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A General Timeline of the Divorce Process

Going through a divorce can be an understandably overwhelming process. Not only do you have to deal with all the emotional elements of ending your marriage, but you likely are also unfamiliar with the divorce court system and the various procedures involved.

To help make this a little easier, the following is a general timeline of how the divorce process typically works:

  1. Collecting documents: After you and your spouse have made the decision to divorce, you will begin collecting important information, such as account statements, insurance policies, mortgage paperwork, medical records and retirement accounts. This information will help you and your attorney develop a strategy as you move ahead.
  2. Filing the paperwork: The case does not truly begin until one of you commencing the Divorce action by filing a Summons with Notice in the County where the case is pending.  You then serve it to the other party and then must file the affidavit of service with the County Clerk. . After this Summons has been served, the other spouse must appear in the action within a period of time specified in the Summons.
  3. Mediation: In some circumstances, the court provide you with the option to participate in  mediation at the beginning of the case to attempt to resolve key issues outside the courtroom. This could expedite the entire divorce process and save you a great deal of time and money.  However, prior to executing any agreement prepared by a mediator, you should have your attorney review same in detail, to ensure that the Agreement is in your best interests.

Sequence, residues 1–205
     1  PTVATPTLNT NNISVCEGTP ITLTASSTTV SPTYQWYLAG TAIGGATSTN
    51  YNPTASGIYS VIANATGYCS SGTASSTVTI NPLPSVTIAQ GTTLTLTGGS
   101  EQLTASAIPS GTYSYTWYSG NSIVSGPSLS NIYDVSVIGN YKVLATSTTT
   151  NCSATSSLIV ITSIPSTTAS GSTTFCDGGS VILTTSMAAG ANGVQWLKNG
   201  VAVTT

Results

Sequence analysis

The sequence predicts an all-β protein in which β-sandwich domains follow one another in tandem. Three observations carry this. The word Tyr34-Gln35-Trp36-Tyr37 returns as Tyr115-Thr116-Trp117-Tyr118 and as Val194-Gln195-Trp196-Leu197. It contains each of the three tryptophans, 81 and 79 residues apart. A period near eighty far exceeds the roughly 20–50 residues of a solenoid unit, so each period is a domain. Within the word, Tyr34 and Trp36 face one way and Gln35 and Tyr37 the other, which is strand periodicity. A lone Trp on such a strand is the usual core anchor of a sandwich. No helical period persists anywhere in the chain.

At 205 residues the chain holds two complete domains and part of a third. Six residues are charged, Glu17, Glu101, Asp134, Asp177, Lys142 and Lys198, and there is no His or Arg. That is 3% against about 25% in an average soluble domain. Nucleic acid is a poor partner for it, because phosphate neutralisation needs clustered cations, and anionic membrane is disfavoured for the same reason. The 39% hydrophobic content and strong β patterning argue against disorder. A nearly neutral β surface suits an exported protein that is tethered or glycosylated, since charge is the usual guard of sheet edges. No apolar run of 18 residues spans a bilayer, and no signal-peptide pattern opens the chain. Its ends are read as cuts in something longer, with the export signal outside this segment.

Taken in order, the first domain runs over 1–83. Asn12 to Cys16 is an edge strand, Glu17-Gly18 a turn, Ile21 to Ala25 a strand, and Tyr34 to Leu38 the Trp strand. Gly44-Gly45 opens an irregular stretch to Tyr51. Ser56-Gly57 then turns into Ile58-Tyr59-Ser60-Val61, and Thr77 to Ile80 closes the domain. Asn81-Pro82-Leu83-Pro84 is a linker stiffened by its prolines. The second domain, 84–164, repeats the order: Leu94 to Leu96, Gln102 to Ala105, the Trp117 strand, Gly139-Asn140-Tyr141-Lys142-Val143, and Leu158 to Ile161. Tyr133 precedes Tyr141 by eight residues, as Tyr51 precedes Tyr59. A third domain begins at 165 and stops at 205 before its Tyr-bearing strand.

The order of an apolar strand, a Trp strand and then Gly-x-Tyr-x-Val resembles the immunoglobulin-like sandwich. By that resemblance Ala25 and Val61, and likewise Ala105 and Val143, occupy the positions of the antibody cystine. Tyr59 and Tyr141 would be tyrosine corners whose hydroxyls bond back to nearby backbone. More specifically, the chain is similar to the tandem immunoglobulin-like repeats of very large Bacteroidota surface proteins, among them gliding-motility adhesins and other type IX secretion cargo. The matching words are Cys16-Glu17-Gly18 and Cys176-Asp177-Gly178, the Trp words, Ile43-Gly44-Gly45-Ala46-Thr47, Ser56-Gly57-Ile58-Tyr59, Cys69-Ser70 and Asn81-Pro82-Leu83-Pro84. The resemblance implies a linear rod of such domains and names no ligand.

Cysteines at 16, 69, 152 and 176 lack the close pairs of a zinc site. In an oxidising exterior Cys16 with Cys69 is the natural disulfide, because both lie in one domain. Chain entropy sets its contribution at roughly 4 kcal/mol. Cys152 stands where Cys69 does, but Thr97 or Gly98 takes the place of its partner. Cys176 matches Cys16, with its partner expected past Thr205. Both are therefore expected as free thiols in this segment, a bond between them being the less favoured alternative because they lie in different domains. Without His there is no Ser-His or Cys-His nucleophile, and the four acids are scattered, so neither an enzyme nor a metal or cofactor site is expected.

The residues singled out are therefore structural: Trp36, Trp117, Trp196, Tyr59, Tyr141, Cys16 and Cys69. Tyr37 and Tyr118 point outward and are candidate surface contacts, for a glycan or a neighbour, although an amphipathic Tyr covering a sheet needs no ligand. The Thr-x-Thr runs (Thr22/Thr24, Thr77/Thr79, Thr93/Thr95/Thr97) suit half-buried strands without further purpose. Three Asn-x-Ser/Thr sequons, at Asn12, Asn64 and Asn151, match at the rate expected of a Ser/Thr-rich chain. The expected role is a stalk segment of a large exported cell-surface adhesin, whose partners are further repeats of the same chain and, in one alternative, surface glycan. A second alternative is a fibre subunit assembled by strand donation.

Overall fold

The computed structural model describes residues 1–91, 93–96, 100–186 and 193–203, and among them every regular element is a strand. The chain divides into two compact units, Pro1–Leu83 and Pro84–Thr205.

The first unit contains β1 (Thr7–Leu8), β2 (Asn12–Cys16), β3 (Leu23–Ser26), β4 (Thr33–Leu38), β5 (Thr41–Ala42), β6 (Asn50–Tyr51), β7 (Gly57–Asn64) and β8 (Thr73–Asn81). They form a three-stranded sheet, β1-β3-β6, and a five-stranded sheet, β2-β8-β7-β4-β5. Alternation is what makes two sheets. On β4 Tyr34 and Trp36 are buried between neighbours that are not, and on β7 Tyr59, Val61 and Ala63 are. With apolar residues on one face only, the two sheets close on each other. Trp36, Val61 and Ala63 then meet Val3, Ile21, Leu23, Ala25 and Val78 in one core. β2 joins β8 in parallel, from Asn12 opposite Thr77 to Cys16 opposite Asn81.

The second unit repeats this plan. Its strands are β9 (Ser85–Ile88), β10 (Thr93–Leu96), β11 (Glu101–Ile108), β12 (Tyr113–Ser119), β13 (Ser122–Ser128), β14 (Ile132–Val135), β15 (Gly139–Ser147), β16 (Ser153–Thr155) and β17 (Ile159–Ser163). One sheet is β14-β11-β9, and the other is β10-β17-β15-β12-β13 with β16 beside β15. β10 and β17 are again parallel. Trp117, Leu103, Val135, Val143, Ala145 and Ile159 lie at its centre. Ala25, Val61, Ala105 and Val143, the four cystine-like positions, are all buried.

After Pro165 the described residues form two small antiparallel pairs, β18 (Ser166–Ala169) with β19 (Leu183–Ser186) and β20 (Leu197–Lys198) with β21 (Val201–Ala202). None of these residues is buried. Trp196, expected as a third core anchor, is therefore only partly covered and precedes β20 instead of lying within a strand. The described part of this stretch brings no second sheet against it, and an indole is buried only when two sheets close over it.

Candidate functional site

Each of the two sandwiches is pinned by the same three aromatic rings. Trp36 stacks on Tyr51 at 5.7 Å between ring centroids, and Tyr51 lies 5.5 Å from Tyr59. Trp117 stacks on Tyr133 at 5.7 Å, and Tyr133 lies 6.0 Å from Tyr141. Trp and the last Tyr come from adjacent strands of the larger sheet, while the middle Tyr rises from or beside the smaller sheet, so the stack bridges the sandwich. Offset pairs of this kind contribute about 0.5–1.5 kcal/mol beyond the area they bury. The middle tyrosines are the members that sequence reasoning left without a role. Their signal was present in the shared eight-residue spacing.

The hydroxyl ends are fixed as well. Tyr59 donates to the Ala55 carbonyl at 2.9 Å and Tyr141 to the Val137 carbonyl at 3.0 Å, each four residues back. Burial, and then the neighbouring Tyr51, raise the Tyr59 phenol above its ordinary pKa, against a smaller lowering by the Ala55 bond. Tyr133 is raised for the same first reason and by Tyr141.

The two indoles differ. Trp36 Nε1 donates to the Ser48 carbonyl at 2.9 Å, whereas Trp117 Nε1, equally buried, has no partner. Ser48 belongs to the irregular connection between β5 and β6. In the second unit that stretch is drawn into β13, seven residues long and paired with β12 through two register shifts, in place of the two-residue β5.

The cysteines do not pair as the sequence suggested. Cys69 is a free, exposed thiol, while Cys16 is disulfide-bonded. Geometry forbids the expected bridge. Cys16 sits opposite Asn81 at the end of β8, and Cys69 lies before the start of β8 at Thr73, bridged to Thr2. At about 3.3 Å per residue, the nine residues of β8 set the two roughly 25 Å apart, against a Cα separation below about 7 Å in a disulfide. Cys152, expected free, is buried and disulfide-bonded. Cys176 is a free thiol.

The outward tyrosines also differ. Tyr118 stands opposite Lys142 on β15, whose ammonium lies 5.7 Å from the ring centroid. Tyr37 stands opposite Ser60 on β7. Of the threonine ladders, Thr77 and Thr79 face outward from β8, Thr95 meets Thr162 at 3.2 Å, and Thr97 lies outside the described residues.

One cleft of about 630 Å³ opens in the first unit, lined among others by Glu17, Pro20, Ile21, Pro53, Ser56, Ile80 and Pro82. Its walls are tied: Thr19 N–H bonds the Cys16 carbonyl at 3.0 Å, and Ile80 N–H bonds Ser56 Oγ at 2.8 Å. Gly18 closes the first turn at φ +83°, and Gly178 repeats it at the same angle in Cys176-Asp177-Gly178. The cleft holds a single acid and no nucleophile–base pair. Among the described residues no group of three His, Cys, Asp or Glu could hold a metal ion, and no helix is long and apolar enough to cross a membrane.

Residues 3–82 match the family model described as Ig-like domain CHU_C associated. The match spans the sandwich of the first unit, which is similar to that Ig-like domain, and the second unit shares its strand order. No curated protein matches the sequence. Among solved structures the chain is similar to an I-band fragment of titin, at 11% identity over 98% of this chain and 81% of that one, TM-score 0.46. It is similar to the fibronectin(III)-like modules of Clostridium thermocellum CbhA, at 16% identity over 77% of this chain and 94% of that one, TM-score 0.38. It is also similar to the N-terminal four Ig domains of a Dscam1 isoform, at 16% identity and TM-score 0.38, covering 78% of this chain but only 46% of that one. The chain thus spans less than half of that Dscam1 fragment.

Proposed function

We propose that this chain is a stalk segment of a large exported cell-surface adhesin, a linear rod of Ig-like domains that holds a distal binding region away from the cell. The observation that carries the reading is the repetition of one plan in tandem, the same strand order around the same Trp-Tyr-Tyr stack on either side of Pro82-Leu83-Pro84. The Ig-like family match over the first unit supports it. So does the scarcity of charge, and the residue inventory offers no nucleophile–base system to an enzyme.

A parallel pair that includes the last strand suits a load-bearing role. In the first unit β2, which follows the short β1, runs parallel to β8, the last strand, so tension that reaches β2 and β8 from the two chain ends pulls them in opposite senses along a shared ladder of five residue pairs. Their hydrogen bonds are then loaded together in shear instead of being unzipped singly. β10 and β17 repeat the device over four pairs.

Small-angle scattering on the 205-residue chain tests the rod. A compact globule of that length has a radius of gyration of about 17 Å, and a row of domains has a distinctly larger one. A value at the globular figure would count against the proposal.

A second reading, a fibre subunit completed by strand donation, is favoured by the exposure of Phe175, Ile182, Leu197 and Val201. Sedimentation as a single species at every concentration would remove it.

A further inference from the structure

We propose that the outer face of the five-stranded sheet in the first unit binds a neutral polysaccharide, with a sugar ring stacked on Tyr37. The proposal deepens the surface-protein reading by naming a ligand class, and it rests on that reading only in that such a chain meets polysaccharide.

4. Discovery: During the discovery process, both parties exchange financial information and documentation and may also submit to a deposition. It may be necessary to hire expires to evaluate assets such as real property, businesses and personal property. During discovery, you will be required to provide certain information.
  5. Negotiation: In a sense, negotiation has been happening throughout this whole process, but at this point the parties will reach a settlement and inform the court (if a settlement is going to be reached out of court). You will be required to provide the Judge with proof that your Agreement has been executed.
  6. Trial: If the couple cannot reach a settlement, the case goes to trial. There, family law attorneys will call witnesses and present evidence to argue their clients’ cases. This process can be both time consuming and very expensive.  However, when there is an impasse, this may be your only option.
  7. Decision: When the trial is complete, the judge makes a final decision. That decision is written and the terms of same are incorporated into your final divorce decree.  The decision will be legally binding. It will contain a full set of terms by which each spouse must abide.   You may appeal the decision of the Court.

For more information and guidance on the divorce process, contact a skilled family law attorney with Jakubowski, Robertson, Maffei, Goldsmith & Tartaglia, LLP.